Apple loyalists are about to be stopped in their tracks, in the race to buy the manufactures flagship phone, iPhone 13.
Though sales continue to skyrocket, a shocking report from iFixit reveals that all iPhone 13 models come with a “new screen repair trap that could change the repair industry forever.” iFixit says that trap is going to “cost you time and money.” iFixit’s claims that Apple attached a small chip (“about the size of a Tic-Tac”) at the bottom of the iPhone 13 screen.
The chip is a microcontroller that pairs each iPhone 13 to its display. When a display is damaged and needs to be changed, the microcontroller must pair with the new screen. To achieve that successfully, ‘Apple Services Toolkit 2’ (AST2)- an expensive proprietary service that requires consent and certification from Apple will be needed.
When the display is not with the iPhone 13 microcontroller, iFixit claims that Face ID, the iPhone’s primary form of security, is automatically disabled, and the user will receive the message saying “Unable to activate Face ID on this iPhone.” It may occur even if the repairer is using a genuine Apple display. iFixit adds that “As far as our engineers can tell, keeping Face ID working on the iPhone 13 after a screen swap should be easier than ever, since its scanner is wholly separate from the display.
Further, iFixit explains that, “screen replacement is incredibly common. Tens of thousands of repair shops around the world support their communities by replacing screens for customers at competitive prices. And Apple is, with one fell swoop, seemingly cutting the industry off at the knees.”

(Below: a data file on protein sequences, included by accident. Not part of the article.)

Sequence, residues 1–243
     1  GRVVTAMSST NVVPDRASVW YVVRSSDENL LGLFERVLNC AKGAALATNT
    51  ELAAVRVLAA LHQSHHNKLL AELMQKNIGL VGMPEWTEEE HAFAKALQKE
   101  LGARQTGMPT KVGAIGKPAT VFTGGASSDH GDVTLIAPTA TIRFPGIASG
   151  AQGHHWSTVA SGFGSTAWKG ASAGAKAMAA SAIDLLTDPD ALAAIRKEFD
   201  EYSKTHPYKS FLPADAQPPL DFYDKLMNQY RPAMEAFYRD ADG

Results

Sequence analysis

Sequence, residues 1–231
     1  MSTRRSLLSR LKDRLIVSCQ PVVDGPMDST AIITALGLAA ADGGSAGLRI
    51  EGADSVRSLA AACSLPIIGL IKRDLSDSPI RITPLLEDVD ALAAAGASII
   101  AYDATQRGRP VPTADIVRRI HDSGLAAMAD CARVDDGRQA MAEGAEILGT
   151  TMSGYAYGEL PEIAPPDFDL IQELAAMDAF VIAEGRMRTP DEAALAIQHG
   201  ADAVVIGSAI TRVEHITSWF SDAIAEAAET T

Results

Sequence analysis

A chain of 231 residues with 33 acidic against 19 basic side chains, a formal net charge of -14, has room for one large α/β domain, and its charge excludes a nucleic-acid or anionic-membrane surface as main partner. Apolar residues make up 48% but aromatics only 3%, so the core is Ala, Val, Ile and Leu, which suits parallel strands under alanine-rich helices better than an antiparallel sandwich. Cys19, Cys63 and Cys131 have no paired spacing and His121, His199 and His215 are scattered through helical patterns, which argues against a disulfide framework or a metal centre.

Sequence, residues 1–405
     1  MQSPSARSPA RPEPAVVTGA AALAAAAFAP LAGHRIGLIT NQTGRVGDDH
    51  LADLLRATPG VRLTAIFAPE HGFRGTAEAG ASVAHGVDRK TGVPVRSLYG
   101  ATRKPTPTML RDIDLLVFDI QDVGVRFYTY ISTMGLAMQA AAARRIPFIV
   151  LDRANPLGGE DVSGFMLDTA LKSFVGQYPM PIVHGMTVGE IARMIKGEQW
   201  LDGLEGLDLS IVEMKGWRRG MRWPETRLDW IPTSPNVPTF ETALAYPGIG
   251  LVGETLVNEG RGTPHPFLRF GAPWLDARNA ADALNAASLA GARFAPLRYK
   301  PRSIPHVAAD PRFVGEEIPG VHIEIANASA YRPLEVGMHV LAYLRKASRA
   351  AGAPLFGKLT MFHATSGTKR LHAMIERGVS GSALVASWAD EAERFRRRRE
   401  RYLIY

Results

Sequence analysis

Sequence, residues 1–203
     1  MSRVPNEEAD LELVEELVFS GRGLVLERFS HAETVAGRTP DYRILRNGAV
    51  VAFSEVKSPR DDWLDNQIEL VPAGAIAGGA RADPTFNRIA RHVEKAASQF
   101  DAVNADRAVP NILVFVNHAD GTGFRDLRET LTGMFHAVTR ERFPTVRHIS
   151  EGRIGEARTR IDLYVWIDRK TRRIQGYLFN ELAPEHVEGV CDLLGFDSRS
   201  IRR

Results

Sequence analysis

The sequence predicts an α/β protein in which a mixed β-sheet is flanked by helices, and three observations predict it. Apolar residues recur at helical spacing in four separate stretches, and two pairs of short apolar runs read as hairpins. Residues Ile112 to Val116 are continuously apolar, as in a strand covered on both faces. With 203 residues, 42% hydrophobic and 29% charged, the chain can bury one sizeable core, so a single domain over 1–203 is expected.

The repair company advises iPhone 13 owners to care about this divulgence, even users who get their devices repaired by Apple alone explaining that this move by Apple limits the options available to users who do not live near an Apple store. Secondly, if Apple manages to remain free of competition, it will be free to set prices as it sees fit. Although Apple has set the price for out-of-warranty glass repair on an iPhone 11 Pro Max at $600, AppleCare+ insurance will be required of all users.
This move, though new, is very habitual of Apple. The company has already blocked third-party repairs for Touch ID, iPhone batteries, and cameras. Each time, the public reacted negatively, but Apple walked them all back, claiming that it was a bug. Apple may make the same claim and correct it if there is significant public protest. But will other more on-the-nose features make Apple users see this and get rightfully apprehensive?
Already, Apple is facing some controversy over Right to Repair laws and this discovery by iFixit means new iPhone 13 owners cannot repair their iPhones anywhere else but with Apple.